This paper investigates the possibility of interpreting the shear band evolution in hard soils and soft rocks as the result of shear propagation from pre-existing natural defects. This is done through the application of the principles of Fracture Mechanics, a Slip-Weakening Model (SWM) being used to simulate the non-linear zone at the tips of the discontinuity. Experimental observations have been carried out on prismatic samples of Beaucaire marl through biaxial compression tests in plane strain conditions. A numerical simulation confirms the validity of the proposed approach.


Cet article presente la possibilite d'interpreter l'evolution des bandes de cisaillement dans les roches tendres et les sols raides comme le resultat de la propagation pour cisaillement à partir d'un defaut preexistant. Le Slip-Weakening Model (SWM) a ete employe pour modeliser la zone non lineaire a l'extremite d'une discontinuite. Nous presentons des observations experimentaux obtenues à travers des essais de compression en deformation plane sur des echantillons prismatiques de marne. La simulation numerique d'un essai confirme la validite de la methode proposee.


Die vorliegende Arbeit versucht die Ausbreitung von Scherzonen in (bindigen) Böden und im Lockergestein anhand der Entwicklung von Scherrissen ausgehend von existierenden Schwachstellen zu erklaren. Die Umsetzung erfolgte mit Hilfe der Bruchmechanik, fuer die Modellierung der nichtlinearen Zone an den Rissenden wurde ein Slip-Weakening-Modell (SWM) eingesetzt. Es wurden zweiaxiale Druckversuche an prismatischen Probekörpern von Beaucaire Mergel unter der Bedingung eines ebenen Verzerrungszustandes durchgefuehrt. Die numerische Untersuchungen bestatigten die Annahmen der untersuchten Theorie.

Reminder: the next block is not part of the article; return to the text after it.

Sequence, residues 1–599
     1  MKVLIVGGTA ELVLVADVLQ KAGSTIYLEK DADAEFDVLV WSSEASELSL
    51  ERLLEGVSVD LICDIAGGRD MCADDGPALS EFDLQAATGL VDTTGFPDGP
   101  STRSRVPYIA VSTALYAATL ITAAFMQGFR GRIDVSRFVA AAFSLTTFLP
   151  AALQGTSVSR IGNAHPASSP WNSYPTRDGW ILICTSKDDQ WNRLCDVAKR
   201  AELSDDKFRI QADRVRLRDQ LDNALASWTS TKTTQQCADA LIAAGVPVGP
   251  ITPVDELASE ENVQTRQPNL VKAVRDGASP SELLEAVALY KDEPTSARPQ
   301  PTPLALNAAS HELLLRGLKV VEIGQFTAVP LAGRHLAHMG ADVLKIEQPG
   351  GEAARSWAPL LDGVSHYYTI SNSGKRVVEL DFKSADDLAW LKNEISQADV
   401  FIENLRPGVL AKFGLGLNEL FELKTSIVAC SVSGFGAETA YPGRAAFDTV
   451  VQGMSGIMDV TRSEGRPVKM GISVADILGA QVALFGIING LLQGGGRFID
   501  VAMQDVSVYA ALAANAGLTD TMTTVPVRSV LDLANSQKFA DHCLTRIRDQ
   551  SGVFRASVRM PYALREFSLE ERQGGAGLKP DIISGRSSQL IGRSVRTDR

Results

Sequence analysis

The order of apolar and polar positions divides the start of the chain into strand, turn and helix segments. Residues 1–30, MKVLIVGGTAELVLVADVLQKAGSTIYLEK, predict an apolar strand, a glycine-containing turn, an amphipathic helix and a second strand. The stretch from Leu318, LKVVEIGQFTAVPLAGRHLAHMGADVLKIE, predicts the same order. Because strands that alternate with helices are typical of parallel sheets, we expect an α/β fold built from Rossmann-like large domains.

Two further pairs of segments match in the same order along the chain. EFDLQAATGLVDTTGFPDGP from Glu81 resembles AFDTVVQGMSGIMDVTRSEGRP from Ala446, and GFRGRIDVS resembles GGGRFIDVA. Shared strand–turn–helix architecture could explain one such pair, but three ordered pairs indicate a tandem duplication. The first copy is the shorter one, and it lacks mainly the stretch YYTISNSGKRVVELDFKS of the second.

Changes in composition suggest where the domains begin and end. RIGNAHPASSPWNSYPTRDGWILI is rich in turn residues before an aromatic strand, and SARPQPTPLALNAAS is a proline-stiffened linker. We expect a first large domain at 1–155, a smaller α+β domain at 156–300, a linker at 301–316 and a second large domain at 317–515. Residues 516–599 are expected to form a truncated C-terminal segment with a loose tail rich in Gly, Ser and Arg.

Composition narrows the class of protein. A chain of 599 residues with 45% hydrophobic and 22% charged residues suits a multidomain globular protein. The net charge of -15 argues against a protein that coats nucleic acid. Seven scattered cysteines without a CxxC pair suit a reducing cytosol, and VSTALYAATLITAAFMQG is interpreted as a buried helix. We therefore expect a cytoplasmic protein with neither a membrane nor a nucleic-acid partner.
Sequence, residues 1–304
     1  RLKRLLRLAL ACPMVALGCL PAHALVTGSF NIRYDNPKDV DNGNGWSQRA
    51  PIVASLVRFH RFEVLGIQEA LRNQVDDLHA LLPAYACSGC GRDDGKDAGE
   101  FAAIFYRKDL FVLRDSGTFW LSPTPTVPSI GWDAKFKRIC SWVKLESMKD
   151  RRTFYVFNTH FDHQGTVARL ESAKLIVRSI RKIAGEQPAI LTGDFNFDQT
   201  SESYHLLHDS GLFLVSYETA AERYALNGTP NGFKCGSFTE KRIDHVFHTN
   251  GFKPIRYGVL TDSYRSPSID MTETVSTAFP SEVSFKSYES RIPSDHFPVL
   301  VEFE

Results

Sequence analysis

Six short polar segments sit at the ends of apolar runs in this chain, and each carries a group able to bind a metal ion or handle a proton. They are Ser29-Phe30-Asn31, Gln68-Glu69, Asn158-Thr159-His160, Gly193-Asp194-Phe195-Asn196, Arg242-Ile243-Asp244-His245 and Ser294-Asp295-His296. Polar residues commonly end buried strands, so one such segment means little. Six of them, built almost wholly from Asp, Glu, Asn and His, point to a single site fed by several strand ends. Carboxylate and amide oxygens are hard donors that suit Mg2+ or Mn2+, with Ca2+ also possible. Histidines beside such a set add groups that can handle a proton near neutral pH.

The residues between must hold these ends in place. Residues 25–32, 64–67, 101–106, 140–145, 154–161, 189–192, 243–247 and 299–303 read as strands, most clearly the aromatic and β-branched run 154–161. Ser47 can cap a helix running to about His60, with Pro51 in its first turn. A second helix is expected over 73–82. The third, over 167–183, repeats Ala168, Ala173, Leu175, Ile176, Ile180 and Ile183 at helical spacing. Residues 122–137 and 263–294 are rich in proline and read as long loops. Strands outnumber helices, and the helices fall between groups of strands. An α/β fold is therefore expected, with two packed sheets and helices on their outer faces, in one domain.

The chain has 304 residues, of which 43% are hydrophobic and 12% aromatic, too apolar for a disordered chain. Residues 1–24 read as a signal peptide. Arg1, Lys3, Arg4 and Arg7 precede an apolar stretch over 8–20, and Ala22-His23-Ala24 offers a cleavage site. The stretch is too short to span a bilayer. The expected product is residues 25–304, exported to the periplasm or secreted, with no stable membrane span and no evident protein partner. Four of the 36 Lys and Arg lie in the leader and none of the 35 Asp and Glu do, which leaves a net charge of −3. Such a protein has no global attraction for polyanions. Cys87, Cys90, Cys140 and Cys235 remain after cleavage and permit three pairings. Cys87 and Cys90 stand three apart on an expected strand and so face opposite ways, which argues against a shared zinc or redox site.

Several observations in laboratory compressive tests indicate that somewhere near the peak load, rock deformation becomes localized and, after the peak, evolves into a fracture, fault, shear band, rupture zone or simply a failure plane (Waversik & Fairhust, 1970; Labuz et al., 1996).

Complete and accurate experimental results are given by a series of tests carried out at the Laboratory 3S in Grenoble. For such tests a biaxial apparatus, developed by Desrues (1984) and modified by Charrier et al. (2001), has been employed in plane strain conditions. The results of the tests, carried out in undrained conditions and without stress confinement, has been elaborated by means of a stereo-photogrammetric technique (Desrues, 1984, 1995). Such analysis allows to obtain a complete and quantitative representation of the specimen deformation and explicit data relative to the formation and propagation of shear bands.

Microscopical studies based on Fracture Mechanics (Reches & Lockner, 1994; Horii & Nemat-Nasser, 1985), show that a shear fault nucleates by local interaction among a few micro-cracks and that it propagates into the unfaulted region by inducing micro-crack growth at its front. This micro-structural process of breakdown near the crack tip can be interpreted by assuming that it gives rise to cohesive stresses, which oppose the action of applied loads. Thus, a Non Linear Fracture Mechanics approach, based on a cohesive-zone model, seems promising for an appropriate macroscopical representation of shear crack propagation in rock. Palmer & Rice (1973) first developed such model (Slip-Weakening Model, SWM, also analyzed by Li, 1987).

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